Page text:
Dear Christine and Katelyn,

I remember the first time I heard the phrase:

“You are the 5 people you spend the most time with.”

It made me think about who that was. It made me consider my own circle with intention for perhaps the first time – who was there by choice, who was there by default, who was there by guilt, or unreasonable expectation, or simply by lifestyle. It occurred to me that my time was like a cup of hot water, and those I spent my time with were like the ingredients of a tea meant, ideally, to nourish me. With time, reflection and honesty, I changed the balance of this tea. I wanted to steep in relationships that were reciprocal, growth-minded, full of laughter and unconditional positive regard. 

This steeping metaphor also brought to mind the other ways in which I am surrounded by influential things: what or whom am I watching, listening to, dating, feeding, reading, working with or, perhaps more importantly, what or whom am I NOT? How is my life affected as a result?

You’ve probably been around here for long enough to know I think in flavours. Parts of my life tend to make more sense to me if I metaphorically compare them to their culinary counterparts. The women with whom I collaborate at Nurture tend to participate in their own creative lives metaphorically as well. I am attracted to those whose consideration of beauty, story, origin, quality, meaning, and craftswomanship are intentional. This is why, when I came across your natural dye and textile studio, Wild Woven Collection, I knew I had found kindred spirits.

I’m about to unapologetically slather the word ‘love’ across this post like salted butter on a hot bagel. Wild Woven Collection is a duo separated by a few Ontario cities, joined by a shared vision. Katelyn, I love how your design background and Christine’s knowledge of food combine to create a delicious collaboration, infusing old world techniques with a soft modern aesthetic. I love that you live, respectively, in Toronto and St. Catharines and run your business more cohesively than others who share an office. I love that the mix of your skill sets becomes greater than the sum of its parts. You are no strangers to the act and the art (and the aftermath) of steeping. I love that your art form includes technique, time-honoured tradition, and re-uses everyday natural ingredients.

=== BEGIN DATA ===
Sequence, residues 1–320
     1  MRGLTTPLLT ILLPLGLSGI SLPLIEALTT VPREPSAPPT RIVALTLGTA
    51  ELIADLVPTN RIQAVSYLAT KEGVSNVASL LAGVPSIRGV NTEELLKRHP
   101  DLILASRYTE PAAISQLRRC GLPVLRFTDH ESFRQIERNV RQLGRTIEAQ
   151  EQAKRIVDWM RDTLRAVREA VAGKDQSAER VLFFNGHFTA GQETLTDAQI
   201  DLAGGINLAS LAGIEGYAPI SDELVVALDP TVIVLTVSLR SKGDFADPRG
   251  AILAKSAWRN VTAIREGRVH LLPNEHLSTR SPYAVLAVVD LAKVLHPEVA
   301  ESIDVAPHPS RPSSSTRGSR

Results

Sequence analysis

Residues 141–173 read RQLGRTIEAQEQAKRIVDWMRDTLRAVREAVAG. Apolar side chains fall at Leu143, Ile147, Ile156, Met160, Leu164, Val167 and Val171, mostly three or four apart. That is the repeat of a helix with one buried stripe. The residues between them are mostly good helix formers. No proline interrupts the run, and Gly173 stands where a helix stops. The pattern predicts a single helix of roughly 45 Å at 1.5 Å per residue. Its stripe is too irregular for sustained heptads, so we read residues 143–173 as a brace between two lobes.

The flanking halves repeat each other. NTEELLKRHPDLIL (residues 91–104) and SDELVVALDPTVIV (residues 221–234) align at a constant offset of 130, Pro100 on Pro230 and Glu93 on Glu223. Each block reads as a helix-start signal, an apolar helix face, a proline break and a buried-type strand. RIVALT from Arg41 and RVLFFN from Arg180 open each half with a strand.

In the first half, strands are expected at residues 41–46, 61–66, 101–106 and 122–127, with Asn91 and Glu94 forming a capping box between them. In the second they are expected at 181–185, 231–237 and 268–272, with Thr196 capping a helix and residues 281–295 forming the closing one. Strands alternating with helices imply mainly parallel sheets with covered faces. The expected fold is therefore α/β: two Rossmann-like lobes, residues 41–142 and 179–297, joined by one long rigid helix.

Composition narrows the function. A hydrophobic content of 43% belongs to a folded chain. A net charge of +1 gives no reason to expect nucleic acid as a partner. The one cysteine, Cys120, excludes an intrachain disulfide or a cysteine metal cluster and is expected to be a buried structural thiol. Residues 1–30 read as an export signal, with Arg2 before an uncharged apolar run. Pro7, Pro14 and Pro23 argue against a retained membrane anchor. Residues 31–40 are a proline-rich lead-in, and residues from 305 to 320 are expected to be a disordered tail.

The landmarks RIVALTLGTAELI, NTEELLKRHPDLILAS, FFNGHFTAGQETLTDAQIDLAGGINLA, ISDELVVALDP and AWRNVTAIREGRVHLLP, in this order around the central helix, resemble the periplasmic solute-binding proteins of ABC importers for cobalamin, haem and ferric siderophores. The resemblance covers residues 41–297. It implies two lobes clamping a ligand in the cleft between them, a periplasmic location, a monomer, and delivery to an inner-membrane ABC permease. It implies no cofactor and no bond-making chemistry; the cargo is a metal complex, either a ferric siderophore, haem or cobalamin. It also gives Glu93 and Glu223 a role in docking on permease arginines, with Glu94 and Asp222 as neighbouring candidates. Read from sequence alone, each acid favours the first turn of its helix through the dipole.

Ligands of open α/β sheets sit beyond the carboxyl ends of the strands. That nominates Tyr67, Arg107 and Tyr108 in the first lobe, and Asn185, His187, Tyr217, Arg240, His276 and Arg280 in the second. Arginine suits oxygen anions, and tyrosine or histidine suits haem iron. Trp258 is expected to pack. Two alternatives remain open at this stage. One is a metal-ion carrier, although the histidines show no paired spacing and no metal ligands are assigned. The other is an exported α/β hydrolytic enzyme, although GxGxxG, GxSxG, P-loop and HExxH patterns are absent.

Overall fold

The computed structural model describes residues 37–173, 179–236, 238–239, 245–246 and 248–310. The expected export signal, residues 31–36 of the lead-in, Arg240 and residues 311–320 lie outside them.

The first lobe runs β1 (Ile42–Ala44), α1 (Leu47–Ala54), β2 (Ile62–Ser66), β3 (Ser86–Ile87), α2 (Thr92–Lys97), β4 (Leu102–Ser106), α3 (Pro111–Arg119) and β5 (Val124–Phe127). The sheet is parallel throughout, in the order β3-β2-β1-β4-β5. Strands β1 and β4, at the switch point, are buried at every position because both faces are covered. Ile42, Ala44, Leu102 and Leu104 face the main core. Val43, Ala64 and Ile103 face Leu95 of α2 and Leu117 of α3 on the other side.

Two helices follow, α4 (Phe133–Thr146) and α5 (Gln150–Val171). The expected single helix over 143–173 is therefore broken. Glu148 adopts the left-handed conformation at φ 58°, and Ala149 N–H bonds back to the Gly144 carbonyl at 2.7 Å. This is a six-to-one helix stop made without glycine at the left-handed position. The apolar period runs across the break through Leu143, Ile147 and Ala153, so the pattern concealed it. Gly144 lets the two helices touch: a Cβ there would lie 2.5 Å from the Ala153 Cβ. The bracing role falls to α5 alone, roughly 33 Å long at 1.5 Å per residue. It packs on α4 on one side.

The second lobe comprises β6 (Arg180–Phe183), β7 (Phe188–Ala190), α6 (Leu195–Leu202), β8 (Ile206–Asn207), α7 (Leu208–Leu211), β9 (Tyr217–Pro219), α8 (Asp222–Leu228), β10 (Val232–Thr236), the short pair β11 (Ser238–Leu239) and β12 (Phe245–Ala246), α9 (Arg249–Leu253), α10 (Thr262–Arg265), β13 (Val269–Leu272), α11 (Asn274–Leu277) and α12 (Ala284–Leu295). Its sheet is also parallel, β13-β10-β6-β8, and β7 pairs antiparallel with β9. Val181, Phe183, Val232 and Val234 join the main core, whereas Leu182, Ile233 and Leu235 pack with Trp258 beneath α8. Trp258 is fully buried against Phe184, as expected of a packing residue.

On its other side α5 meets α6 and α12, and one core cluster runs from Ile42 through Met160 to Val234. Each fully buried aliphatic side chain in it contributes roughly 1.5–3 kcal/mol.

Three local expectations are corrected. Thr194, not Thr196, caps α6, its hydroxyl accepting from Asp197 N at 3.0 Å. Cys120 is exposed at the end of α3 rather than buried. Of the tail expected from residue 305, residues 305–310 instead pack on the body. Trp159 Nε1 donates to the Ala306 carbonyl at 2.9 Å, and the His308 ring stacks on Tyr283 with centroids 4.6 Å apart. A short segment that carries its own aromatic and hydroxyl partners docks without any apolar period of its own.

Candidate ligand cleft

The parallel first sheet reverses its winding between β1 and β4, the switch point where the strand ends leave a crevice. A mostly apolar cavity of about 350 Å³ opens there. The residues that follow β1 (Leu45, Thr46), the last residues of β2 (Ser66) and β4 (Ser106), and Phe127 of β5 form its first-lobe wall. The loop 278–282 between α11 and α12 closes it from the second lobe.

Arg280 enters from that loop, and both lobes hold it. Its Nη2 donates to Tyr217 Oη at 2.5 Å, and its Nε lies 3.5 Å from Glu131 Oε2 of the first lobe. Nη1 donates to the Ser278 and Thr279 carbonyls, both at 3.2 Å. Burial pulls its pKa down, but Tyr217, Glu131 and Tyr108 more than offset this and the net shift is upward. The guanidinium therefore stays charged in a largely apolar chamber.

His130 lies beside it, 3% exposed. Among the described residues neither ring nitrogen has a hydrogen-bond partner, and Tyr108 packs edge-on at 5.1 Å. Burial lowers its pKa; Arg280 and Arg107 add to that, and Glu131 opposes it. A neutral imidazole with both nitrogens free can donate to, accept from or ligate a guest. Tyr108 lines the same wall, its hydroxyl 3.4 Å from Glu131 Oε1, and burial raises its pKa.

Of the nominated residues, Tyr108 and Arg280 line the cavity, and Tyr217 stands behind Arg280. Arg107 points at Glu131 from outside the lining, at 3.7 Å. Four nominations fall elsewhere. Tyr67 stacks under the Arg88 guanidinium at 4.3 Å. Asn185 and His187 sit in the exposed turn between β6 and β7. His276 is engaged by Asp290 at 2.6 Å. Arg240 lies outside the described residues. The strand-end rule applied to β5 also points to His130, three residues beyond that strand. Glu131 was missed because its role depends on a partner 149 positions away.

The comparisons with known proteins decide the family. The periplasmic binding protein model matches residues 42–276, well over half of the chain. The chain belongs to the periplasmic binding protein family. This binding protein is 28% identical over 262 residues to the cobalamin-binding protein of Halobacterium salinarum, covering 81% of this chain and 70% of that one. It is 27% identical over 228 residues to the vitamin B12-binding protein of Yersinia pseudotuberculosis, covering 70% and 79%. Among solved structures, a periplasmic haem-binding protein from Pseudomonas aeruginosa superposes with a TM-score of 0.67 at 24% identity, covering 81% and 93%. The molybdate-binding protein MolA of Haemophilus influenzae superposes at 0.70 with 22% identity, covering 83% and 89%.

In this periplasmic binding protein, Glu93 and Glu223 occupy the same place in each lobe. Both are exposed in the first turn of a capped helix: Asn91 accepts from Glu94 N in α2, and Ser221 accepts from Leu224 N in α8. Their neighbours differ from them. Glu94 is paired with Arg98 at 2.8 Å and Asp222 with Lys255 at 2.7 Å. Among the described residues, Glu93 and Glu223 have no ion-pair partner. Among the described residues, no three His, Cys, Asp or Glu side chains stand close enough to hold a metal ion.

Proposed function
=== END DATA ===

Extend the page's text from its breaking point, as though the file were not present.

You choose to make art from what is left over, the story of your creations taking over from what might otherwise be considered endings. I love this. I love how it reframes what kind of richness is available if I were to consider my own endings as fodder for new beauty.

The thing I love about any kind of handiwork is its ability to tangibly connect us to the metaphor and meaning behind the act of creation (and it’s inevitable partner, destruction). I love how you two start with outcasts from the kitchen or garden and literally ‘love them into’ everything from tea towels, bed linens, clothing, and the like. This loving’s first form is steeping. It’s intentionally bringing the qualities of something (in this case, everything from avocado pits to onion skins, to flowers past their prime) to a point where their essence can say the most. Where the essence of plant matter speaks in colour that transfers onto linen or silk or natural cotton to tell a new story.